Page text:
Films like Wadjda do not come around very often. Haifaa al-Mansour’s debut feature is not only the first shot entirely in Saudi Arabia by a woman director, but also the first feature film ever shot entirely in Saudi Arabia. On the one hand, this means its place in history is secured no matter what. Yet al-Mansour’s work didn’t suddenly appear out of nowhere in the Arabian Desert. An almost superhuman dedication was necessary to make this film, both due to the nation’s lack of cinematic infrastructure and the logistical problems caused by the obstacles to mobility for Saudi women.
More than that, however, Wadjda simply does not feel as if it popped out of the sand. al-Mansour’s work rests on shoulders of greatness, building from a century of international cinema. That’s a loaded point, obviously, but it’s impossible to watch Wadjda without thinking of everything from Italian Neorealism to Jafar Panahi’s films around the role of women in contemporary Iran. This combination of classic styles and a surge forward into a totally new national landscape is what keeps al-Mansour’s film exhilarating from beginning to end.
It opens in a classroom at an all-girls school, where eleven-year-old Wadjda (Waad Mohammed) is barely participating in a sing-a-long. Standing out amid a group of identically uniformed girls with her Chuck Taylor sneakers, we know from the beginning that this charismatic child has a spirit of her own. Later, once school is over, she spends time with her friend Abdullah. Not only is she not ashamed to be seen in public with a boy who is not her relative, but her ultimate ambition is to buy her own bicycle and race him down the street. Where will she get the money for such an extravagant purchase? Her plan is to win the Koran competition at school, memorizing and chanting passages from the holy book.
The overtones of the bicycle are obviously Neorealist, perhaps the easiest of all cinematic references. Yet beyond Bicycle Thieves, Wadjda has elements of Rome, Open City in its breaking open of Riyadh to cinema. Its empty lots and crowded streets evoke Roberto Rossellini’s eye, even if the Saudi capital has little otherwise in common with Rome in 1945 or Germany Year Zero’s Berlin. Wadjda herself is much more irreverent than any of Neorealism’s innocent, wide-eyed symbols of Italian misfortune. She defiantly refuses to understand why anyone would frown upon her biking alone through the streets of Riyadh. The school principal, however, has something in common with the scholarly characters of the 1940s as well as some more recent cinematic women of authority.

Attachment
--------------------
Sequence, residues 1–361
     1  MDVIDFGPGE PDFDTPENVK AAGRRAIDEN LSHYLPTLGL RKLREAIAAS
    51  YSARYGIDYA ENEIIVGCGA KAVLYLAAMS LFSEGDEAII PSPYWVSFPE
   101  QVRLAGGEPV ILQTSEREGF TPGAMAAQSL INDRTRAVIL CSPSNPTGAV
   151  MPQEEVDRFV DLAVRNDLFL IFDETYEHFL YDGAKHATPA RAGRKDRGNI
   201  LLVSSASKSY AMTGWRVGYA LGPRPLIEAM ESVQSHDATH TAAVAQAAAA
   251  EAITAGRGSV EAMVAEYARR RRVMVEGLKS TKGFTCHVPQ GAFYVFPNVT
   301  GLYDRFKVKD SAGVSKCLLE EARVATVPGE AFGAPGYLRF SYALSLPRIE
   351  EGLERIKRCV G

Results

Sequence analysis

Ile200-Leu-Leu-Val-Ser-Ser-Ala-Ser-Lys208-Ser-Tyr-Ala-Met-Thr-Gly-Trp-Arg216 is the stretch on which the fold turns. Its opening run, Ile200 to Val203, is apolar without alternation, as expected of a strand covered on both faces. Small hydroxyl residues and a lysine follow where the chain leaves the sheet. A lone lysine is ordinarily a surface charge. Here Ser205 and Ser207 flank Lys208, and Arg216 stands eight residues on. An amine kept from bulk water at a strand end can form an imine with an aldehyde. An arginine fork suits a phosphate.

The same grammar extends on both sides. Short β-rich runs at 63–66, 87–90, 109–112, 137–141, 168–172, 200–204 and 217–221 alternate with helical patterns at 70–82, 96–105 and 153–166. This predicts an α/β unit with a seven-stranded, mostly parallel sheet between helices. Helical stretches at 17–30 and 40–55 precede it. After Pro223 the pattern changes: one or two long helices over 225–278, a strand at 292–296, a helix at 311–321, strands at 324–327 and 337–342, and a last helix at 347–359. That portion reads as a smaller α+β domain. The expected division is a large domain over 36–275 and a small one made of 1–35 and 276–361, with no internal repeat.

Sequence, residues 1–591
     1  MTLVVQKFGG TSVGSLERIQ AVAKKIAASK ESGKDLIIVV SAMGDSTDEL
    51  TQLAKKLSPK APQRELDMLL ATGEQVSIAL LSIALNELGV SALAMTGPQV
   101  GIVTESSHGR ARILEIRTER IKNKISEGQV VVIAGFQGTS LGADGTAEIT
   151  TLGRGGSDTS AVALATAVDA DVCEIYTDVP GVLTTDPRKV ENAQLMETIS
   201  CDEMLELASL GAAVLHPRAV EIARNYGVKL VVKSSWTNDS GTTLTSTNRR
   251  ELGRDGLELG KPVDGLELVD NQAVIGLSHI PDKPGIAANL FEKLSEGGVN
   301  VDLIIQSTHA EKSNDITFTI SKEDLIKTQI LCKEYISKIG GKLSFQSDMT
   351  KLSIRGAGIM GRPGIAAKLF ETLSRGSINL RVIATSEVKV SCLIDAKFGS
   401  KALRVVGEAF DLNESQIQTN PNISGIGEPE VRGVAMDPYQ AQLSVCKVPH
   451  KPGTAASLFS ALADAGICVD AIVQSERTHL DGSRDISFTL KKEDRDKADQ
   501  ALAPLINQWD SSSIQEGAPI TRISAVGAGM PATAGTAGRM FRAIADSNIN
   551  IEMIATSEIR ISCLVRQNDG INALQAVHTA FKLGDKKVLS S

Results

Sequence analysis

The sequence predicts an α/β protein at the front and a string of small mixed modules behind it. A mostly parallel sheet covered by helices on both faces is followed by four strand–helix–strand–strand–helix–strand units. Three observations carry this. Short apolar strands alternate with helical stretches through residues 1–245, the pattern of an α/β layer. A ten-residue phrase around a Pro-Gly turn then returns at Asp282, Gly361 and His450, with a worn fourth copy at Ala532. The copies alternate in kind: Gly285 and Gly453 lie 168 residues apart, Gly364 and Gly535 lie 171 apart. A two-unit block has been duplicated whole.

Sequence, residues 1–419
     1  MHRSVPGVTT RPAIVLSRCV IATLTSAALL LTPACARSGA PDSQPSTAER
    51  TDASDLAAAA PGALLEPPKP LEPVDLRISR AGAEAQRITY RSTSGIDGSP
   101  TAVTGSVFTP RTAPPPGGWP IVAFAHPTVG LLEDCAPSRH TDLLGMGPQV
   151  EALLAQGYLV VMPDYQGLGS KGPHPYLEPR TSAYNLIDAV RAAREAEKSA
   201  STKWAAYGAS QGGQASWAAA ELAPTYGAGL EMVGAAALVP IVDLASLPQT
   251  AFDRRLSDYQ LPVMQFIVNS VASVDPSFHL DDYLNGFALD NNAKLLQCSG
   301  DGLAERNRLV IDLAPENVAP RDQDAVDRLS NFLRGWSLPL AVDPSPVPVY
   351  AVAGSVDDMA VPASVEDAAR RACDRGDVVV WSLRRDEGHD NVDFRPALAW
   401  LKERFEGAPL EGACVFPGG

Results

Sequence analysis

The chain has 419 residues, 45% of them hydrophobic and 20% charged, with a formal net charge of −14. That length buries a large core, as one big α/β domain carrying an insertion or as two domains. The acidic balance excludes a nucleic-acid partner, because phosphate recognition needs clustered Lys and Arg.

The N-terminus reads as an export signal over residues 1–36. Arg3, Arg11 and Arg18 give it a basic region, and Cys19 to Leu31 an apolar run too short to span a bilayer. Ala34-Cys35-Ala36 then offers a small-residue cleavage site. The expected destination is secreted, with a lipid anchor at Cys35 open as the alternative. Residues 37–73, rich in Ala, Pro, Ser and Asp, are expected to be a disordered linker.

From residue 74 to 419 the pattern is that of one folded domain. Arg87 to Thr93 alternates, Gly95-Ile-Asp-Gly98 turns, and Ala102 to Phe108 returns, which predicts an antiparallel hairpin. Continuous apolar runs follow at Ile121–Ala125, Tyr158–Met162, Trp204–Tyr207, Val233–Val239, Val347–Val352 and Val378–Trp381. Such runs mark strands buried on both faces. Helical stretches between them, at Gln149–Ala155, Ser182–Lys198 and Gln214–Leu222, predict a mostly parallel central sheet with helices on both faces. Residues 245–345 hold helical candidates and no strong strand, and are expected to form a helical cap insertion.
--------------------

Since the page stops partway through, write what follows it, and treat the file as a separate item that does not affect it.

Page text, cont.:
Ms. Hussa (Ahd Kamel) is a stickler for seemingly everything, and in Saudi Arabia there are an awful lot of customs for women to be particular about. At one point all of the girls rush inside from the school courtyard because there are men working on the roof next door who could look down and see them. Wadjda thinks it’s silly, and stays behind.
The conflict between rebellious student and stern teacher is an old one, but Wadjda’s variation is not without nuance. Ms. Hussa is more reminiscent of the mother in Dee Rees’s Pariah, clearly well-meaning but entirely misguided. She cannot abide Wadjda’s insistence on being difficult, vocal and rambunctious. Yet one of the crucial aspects of Wadjda’s character is that we don’t get any sort of schematic explanation for her independence. It shouldn’t be explained away, because it shouldn’t be a problem.
The girl’s mother, played by Reem Abdullah, is more understanding. She’s in a difficult situation herself, working a job that requires commuting three hours in either direction. Her husband is also not around very often, living mostly at home with his parents. The principle narrative conflict there is that she can have no more children after Wadjda’s difficult birth, and he may be in pursuit of a second wife. She and Wadjda are mostly on their own, but the addition of a second family to the equation would make things even more difficult.
These are women with complicated lives, made further difficult by the social barriers they face in Saudi society. Yet this film is not a wrathful cry against injustice. Its tone is softer than that of Panahi’s The Circle or Offside, which sought to boldly expose the structural injustice in Iranian society. Wadjda could have gone in that direction, but al-Mansour instead chose to focus more on the women themselves than the rules hemming them in. There are barely any men in this movie and the most significant is Abdullah, a child whose acceptance of Wadjda’s fiery personality is a hopeful gesture to a future generation. There’s humor in this film, and an awful lot of heart. For Saudi society, with this first feature film, perhaps the best way to begin the conversation about women is with warm, smart, empathetic storytelling.
The Upside: Beautiful script; impressive debut performance from child actor Waad Mohammed; a living piece of history
The Downside: Some plot points a little confusing to audiences not familiar with Saudi customs, certain plot points aren’t initially obvious
On the Side: Wadjda was produced by the same German company that produced Waltz with Bashir and Paradise Now, both of which were Oscar nominees. However, Wadjda may have trouble finding a nation to submit it.